Lichens are one of our favourite sources of inspiration. The clean air here means they’re in great abundance in the Highlands & Islands. I love photographing them and though I have hundreds of pictures I can never resist taking another one – especially when it comes to the striking yellow Xanthoria parietina.
This lichen inspired two of our latest throws, just arrived in the shop. We had a yarn dyed specially to match the colour.
Many different varieties have made their way into our weavings over the years. This one was inspired by ochre-coloured lichens in the Cuillin Hills.
A couple of years ago I decided I wanted to know more about the biology of these fascinating organisms. So I signed up for an introductory lichen identification day at the Royal Botanic Garden in Edinburgh. One of the first things I learnt is that it’s actually very hard to identify many lichens! You often have to look close up under a microscope or even use chemical testing.
We covered a lot in the day and some of the information was quite overwhelming, but here’s my handy checklist of Things I Learnt About Lichen:
What is lichen? It’s a fungus living in a symbiotic relationship with an algae and/or cyanobacteria. Most of what we see when we look at a lichen is the fungus.
How does it grow? The fungus ‘farms’ algae: it protects the algae from UV light and gives it a place to live, then ‘harvests’ the sugars that the algae produces by photosynthesis. Fungi don’t photosynthesise themselves, so this symbiotic relationship is their way of getting energy.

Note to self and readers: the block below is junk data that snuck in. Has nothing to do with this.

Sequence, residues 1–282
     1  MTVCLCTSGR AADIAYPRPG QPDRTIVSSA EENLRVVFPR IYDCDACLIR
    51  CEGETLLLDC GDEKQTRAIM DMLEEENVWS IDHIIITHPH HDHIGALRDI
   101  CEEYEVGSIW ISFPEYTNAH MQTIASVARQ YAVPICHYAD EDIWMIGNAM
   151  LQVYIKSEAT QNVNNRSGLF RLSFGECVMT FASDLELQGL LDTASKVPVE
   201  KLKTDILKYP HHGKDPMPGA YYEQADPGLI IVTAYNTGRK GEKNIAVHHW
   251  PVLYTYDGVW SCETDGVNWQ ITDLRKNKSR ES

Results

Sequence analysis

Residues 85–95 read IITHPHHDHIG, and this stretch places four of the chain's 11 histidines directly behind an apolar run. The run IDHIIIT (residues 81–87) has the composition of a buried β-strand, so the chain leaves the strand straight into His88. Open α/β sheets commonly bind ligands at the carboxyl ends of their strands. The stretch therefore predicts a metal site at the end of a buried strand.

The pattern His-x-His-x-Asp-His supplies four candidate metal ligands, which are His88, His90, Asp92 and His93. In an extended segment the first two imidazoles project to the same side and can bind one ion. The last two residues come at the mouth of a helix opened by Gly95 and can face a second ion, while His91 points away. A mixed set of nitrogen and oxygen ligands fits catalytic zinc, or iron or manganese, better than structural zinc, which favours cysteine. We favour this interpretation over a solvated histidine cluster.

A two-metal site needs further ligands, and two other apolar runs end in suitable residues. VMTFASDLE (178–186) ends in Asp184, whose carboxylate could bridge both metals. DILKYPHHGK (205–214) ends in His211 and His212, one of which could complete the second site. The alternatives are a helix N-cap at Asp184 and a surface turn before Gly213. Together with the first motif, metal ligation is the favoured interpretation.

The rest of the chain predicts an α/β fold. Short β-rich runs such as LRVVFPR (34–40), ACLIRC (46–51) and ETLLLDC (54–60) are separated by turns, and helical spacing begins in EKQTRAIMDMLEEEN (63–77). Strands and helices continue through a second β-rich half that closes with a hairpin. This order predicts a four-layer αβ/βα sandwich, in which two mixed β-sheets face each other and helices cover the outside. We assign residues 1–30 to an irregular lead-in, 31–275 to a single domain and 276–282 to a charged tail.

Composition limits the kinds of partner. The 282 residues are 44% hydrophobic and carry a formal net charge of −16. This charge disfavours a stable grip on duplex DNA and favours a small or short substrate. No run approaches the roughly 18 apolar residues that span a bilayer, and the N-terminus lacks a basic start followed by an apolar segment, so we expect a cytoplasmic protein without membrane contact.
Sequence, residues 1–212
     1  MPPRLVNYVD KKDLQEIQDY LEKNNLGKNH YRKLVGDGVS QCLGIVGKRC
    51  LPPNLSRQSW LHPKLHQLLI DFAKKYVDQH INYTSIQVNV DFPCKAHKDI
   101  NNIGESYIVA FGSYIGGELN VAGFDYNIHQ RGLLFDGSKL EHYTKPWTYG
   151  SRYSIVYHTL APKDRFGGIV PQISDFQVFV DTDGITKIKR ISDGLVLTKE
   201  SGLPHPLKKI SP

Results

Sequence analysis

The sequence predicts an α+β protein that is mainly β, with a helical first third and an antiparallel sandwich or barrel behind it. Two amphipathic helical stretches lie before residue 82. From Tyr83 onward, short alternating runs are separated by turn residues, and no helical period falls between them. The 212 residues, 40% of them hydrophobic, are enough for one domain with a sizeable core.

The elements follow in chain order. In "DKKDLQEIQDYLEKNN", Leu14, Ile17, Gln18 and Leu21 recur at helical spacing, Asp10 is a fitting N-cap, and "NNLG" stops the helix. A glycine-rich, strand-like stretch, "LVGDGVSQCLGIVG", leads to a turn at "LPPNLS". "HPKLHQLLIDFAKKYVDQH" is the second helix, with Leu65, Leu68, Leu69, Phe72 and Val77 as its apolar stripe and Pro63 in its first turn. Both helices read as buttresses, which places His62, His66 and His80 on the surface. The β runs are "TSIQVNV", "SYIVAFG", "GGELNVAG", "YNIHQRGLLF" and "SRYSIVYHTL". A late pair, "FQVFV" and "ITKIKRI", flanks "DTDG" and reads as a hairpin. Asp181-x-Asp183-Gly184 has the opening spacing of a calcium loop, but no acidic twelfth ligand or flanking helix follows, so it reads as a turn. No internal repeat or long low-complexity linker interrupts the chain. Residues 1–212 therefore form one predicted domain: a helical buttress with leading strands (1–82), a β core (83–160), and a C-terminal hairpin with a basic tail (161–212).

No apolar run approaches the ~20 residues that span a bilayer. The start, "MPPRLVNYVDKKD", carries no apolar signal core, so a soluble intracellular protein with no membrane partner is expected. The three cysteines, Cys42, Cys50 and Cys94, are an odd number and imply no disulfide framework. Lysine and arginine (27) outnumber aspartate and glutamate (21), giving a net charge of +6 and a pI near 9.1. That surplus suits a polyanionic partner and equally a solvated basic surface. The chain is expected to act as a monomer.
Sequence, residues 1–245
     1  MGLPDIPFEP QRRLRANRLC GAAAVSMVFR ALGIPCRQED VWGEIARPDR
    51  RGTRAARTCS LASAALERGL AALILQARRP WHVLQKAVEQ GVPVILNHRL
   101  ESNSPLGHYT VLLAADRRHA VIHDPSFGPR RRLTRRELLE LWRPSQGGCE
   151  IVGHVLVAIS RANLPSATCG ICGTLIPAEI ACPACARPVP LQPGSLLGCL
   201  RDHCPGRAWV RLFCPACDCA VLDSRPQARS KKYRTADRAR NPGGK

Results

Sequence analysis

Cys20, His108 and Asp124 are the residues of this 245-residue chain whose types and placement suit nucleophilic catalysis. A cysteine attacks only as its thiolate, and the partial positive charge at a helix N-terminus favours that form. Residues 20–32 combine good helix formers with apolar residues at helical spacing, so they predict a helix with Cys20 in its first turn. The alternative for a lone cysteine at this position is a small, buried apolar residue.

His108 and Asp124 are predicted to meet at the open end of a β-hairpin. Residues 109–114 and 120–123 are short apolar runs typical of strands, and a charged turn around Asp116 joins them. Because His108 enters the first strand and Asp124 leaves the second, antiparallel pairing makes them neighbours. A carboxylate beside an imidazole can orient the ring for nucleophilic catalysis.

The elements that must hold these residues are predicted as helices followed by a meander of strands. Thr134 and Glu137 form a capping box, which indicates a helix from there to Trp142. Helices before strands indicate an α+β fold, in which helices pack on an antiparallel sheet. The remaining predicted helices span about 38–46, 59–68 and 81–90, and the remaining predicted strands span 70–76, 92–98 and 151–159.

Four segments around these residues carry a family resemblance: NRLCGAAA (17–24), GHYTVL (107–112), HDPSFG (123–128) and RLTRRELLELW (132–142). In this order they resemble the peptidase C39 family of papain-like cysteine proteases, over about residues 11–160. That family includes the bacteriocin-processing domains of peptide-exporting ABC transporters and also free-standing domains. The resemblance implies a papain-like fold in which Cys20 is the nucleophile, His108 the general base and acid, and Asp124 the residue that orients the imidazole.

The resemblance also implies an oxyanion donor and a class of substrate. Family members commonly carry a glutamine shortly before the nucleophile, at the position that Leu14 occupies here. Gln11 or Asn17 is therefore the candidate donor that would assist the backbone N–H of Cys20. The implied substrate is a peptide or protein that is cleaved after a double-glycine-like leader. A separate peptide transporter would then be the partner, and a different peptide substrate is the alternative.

What types of lichen are there? Lichens have a number of different growth forms. The most basic ones are fruticose (with algae all around), foliose (leaf-like) and crustose (very closely attached to a stone or rock). But as is the case with anything to do with lichens, it’s not straightforward and there are many cross-over types.
What’s behind the names? Most lichens only have Latin names, but there are quite a few with common names, especially those that have a medical or a practical use. For example, Lungwort was used to treat lung disease, and Dog Lichen was a cure for dog bites – and also looks like dog’s teeth underneath. Crottle or Crotal is one we’re very familiar with as weavers – it refers to a number of lichens used for dyeing wool, which was common in Scotland in the past though it’s now not allowed commercially. The word comes from the Gaelic word for lichen.
All in all, it’s a totally fascinating subject. Being able to identify the more complicated lichens takes years of study, but spending a day learning more about these complex symbiotic organisms made me appreciate them even more.
Just to finish off the Lichen lesson, here’s a short video of us weaving our Map Lichen scarves.